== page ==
Saturday, February 16, 2013


With 53 million people, England is the largest country in the United Kingdom.  Along with Scotland and Wales it makes up the island of Great Britain.  England is a little smaller than Louisiana.

St. George's Cross

Thanks to the Industrial Revolution in the 18th century, England became the world's first industrialized nation.  Today, its economy is one of the largest in the world and London is Europe's largest financial center.

Map of English as an official language
Considering the vast reach of the British Empire, it is no wonder that English is the 3rd most common native language after Chinese and Spanish.  About 375 million people speak English as their first language.  Even more speak English as their second or third language.

There are differences between American and British English.  What's interesting to me is that there are so many different regional accents considering that England really isn't that big.  One thing's for sure and that's that there is no such thing as a British accent.  There is English spoken with various regional accents.  For example, the Scouse accent is what you hear in Liverpool, Brummie in Birmingham, Geordie in Newcastle, Cockney in London and Mancunian in Manchester.  There are also strong accents in Yorkshire, the Midlands and the West Country.  Of course, this is also the standard London posh accent.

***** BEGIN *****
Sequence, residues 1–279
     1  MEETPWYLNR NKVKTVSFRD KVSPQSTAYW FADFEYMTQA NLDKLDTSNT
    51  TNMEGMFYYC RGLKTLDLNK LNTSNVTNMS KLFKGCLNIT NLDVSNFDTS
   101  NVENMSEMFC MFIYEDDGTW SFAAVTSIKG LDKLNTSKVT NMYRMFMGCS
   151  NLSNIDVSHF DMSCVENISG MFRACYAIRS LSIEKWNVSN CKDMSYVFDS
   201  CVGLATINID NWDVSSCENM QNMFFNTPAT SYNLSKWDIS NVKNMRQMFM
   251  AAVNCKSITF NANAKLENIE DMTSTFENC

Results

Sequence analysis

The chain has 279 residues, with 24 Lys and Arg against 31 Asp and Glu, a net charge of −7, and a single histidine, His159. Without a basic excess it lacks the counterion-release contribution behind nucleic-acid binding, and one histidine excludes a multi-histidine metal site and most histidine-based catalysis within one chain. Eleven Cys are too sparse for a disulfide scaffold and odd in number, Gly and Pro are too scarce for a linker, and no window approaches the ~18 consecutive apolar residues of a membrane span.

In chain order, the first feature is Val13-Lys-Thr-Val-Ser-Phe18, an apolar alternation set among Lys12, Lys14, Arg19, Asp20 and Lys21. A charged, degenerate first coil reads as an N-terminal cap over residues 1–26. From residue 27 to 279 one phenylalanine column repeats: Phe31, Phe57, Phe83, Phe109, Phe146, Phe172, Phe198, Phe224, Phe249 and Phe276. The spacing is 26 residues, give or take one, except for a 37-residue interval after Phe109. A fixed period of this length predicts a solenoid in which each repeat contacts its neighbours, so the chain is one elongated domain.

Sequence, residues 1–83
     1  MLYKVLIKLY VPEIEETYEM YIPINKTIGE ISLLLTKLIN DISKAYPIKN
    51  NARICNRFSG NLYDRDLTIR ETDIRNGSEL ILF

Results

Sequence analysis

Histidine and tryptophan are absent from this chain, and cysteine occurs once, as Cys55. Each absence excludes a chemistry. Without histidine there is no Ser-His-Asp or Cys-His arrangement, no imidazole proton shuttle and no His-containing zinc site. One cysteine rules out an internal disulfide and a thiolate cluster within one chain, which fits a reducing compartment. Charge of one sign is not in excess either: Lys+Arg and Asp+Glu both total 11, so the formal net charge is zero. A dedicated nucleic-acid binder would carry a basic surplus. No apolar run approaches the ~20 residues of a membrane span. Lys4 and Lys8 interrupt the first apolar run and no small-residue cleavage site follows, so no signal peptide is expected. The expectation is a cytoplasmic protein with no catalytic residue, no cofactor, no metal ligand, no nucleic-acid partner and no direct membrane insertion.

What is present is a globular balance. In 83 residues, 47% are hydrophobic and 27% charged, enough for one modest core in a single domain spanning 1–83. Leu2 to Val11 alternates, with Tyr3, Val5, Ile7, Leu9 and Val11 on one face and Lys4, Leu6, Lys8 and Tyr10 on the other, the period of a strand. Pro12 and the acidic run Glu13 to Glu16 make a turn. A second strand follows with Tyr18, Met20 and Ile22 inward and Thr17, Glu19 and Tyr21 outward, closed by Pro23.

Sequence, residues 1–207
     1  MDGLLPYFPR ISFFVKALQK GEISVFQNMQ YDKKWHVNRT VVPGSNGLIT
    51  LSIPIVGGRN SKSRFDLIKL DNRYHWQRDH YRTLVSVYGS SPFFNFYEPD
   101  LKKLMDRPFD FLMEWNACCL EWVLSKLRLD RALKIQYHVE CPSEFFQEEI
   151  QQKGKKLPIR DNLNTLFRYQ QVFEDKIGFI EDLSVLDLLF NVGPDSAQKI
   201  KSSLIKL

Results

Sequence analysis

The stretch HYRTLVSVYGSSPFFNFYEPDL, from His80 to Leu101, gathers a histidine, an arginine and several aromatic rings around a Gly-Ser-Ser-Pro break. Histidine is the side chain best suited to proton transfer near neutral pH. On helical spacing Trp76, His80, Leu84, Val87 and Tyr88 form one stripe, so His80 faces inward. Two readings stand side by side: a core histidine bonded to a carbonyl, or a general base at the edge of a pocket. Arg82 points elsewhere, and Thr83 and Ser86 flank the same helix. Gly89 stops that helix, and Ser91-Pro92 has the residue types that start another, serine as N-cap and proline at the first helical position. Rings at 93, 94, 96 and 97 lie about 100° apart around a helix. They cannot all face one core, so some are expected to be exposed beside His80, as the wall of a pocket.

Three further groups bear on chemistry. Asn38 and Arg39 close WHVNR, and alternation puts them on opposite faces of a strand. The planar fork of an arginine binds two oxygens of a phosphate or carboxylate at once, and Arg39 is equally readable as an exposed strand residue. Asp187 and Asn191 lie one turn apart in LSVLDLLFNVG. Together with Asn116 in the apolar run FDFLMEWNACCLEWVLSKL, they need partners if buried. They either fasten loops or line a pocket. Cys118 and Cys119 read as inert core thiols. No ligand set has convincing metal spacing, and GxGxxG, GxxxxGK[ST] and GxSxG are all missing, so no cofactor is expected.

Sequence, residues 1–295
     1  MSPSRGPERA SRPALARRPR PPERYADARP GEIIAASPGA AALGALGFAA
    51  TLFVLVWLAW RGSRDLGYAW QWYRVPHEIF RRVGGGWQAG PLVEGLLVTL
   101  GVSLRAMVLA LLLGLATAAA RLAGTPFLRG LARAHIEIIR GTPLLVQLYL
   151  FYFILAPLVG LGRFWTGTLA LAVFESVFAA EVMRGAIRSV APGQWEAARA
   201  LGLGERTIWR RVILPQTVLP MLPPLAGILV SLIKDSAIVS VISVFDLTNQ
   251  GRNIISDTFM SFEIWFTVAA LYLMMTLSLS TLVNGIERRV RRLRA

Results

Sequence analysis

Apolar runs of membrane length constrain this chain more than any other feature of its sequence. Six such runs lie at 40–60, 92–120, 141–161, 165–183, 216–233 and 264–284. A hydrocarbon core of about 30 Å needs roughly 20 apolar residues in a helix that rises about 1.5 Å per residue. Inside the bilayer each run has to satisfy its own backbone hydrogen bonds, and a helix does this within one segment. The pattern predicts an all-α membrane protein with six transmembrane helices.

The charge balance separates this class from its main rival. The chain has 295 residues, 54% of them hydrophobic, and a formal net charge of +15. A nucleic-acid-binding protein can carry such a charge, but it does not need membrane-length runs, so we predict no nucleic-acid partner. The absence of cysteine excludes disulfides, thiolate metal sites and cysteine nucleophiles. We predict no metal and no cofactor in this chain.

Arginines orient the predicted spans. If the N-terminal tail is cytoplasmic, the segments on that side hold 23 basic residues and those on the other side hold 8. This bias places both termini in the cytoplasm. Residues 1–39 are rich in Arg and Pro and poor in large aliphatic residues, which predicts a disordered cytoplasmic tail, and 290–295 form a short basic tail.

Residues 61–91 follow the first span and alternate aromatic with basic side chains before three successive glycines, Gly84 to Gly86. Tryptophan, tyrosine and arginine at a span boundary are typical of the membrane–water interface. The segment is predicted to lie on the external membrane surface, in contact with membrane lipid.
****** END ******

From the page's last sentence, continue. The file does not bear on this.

I've been to Portsmouth a few times for work but, aside from Heathrow Airport, I've never been to London.  Coming up, I'll have one day to check out the city before I fly on to Iceland.  Liz and her boyfriend will take the train over from Bristol and show me around the city.  So what should I try to see?  With so much to see in London, I already know that there is no way I will even be able to make a dent in the sightseeing list.

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